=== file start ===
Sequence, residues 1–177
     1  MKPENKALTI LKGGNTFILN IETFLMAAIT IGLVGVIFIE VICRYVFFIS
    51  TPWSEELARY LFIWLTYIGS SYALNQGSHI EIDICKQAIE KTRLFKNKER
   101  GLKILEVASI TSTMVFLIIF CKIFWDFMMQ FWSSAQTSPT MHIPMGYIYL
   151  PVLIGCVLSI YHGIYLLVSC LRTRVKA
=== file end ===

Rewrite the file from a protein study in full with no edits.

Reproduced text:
Sequence, residues 1–177
     1  MKPENKALTI LKGGNTFILN IETFLMAAIT IGLVGVIFIE VICRYVFFIS
    51  TPWSEELARY LFIWLTYIGS SYALNQGSHI EIDICKQAIE KTRLFKNKER
   101  GLKILEVASI TSTMVFLIIF CKIFWDFMMQ FWSSAQTSPT MHIPMGYIYL
   151  PVLIGCVLSI YHGIYLLVSC LRTRVKA